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achild's Journal

Experiment in Kickstarter

Posted by , 11 July 2013 - - - - - - · 1,176 views


We finally reached the point that we are ready to release Basis. As I mentioned before it is free in all ways possible, private or commercial use. It is proven to be usable in-game, and easy to implement into various frameworks and libraries. So, we have decided to start a kickstarter for it.

Here it is.

The big question

Why kickstarter if it's free? Is that sort of an oxymoron?

We have worked very hard on this, and lately it's come to the point that it is like working a second job. Combine that with our every day lives with our churches and community, families, and actual job, and it's not certain we can keep it going like this. So, basically we have 2 options in front of us:

1) We can put it on the back burner, working on it a few lucky hours a week. We fully intend to build Basis all the way to our final stretch goals, but it may take a very, very long time like this.

2) We can try to get the support of the community, asking for funding and for others to spread the word. Basically, the more we get funded, the longer we can put off doing #1.

There is really no in between for us. I personally have really enjoyed building this to where it is at even now, but it's a point that we'll have to let the online community decide where it goes from here. Honestly, we have no idea what to expect!

Our own questions

You've probably heard the expression before that something is worth what you pay for it.

If we're giving something away for free, will people even feel it is worth anything? The intention from the beginning has always been to give this away, and we don't plan on budging there.

When a beginning photographer saves up his or her money for, say, Photoshop... with the money they worked so hard to earn, chances are they'll take the time to learn it and value it very much. On the other hand, the things we get for free - we put no sacrifice into, we invested nothing of our own into it - their value is much less to us... typically. It's very plain human psychology.

That doesn't mean that putting a price tag on something makes it worth more, but if you put that price on it and people are willing to pay it, it's worth more to them, which in turn gives your product perceivable value.

Even the reward tiers were hard to come up with - what more do you offer people when you're giving the product away after all!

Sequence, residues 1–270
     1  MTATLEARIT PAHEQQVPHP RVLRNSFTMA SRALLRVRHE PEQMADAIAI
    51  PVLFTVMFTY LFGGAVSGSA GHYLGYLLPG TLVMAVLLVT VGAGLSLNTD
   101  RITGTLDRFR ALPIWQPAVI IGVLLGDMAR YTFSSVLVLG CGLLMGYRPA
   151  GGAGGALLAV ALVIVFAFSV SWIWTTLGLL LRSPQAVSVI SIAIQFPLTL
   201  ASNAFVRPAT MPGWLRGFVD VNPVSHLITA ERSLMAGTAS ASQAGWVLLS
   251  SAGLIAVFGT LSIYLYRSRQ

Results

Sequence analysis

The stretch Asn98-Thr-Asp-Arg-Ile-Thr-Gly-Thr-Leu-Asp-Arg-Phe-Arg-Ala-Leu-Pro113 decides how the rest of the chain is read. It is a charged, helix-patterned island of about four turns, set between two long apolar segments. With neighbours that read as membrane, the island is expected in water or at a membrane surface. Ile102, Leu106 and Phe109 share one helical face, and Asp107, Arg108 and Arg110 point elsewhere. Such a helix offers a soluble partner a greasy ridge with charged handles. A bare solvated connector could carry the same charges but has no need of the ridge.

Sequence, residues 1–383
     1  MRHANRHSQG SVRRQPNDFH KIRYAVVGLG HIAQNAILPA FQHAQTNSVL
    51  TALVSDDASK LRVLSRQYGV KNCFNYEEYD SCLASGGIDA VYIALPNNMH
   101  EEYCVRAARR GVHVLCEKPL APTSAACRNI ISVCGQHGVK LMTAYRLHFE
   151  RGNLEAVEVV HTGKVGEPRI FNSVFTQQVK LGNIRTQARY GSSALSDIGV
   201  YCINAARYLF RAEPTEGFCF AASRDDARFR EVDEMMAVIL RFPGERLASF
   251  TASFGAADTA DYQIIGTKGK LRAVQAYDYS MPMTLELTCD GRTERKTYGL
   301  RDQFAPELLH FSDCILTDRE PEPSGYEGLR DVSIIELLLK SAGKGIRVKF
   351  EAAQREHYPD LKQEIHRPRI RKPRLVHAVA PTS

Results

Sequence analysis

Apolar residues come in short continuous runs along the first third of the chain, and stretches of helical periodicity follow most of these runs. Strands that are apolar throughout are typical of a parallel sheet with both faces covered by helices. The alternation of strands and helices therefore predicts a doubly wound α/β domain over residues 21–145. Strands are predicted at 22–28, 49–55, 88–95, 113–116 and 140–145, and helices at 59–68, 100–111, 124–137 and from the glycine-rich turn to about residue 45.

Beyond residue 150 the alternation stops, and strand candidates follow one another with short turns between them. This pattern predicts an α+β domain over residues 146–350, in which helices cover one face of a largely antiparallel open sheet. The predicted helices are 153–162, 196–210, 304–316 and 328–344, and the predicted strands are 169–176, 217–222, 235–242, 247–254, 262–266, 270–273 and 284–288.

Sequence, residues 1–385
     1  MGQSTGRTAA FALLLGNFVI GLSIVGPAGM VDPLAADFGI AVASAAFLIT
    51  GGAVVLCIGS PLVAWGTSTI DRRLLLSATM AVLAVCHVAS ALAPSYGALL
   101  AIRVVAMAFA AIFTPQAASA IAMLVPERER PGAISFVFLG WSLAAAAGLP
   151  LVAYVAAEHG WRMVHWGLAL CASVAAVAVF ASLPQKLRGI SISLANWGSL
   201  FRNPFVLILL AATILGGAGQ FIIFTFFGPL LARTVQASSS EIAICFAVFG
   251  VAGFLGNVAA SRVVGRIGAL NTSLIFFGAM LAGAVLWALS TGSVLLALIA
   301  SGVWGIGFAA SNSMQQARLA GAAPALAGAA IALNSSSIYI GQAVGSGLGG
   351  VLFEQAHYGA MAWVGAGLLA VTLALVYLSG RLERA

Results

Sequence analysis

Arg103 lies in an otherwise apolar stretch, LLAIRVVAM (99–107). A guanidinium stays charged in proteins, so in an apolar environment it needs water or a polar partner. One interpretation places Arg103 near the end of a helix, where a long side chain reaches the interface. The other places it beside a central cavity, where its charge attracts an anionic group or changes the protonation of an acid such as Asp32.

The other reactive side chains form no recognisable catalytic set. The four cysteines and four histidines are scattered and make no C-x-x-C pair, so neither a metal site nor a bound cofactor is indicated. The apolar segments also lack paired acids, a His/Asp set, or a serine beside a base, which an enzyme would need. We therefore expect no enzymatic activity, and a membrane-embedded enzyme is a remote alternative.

Do people still want this? We started working on this 2.5 years ago. Since then, a couple other amazing products have been released, namely Spriter and Spine. Both of these are shaping up to be fantastic packages with a lot of innovations. They also were both kickstarted successfully. They also both have a value attached to them.

So, being #3, will people even want this? We feel we are bringing enough new things to the table for there to at least be a chance, not to mention the free-thing could actually be an advantage (we have no idea how this will play out), and our workflow is definitely different than the others. Naturally we are biased and feel it is a better, faster workflow. Will other people?

Is Windows only going to hurt? Often there is a complaint if something isn't cross platform. This is understandable - everyone wants it native to their system. It does run very well under WINE, but I know it's not the same. This was a hard decision to make, but it seemed that since it won't really add anything to the software itself to make it cross platform, and since it is already well under way, it would be better to make it fully featured and work very well as it is. The OS and Window code is pretty well segregated, so we made it a stretch goal to port it. It shouldn't be too much work, but it will require some intense research, testing, and in the case of OSX, we'll have to buy a computer and learn some things we wouldn't have had to otherwise. That is no problem, but we decided making a great animation tool would come first.

Our hope

Our hope is to get the support of the game development community, as well as get the word spreading around to others. Again, at this point, we really can't predict one way or the other what kind of reaction we are going to get to this. So, we are prepared to more than abundantly succeed, as well as completely fail, and anything in between.

Do feel free to check out Basis though, and whether you support the campaign or not, enjoy it and use it and even contribute to it! We have forums for discussion, and we're always looking for people to contribute runtime implementations for other frameworks, libraries, and software.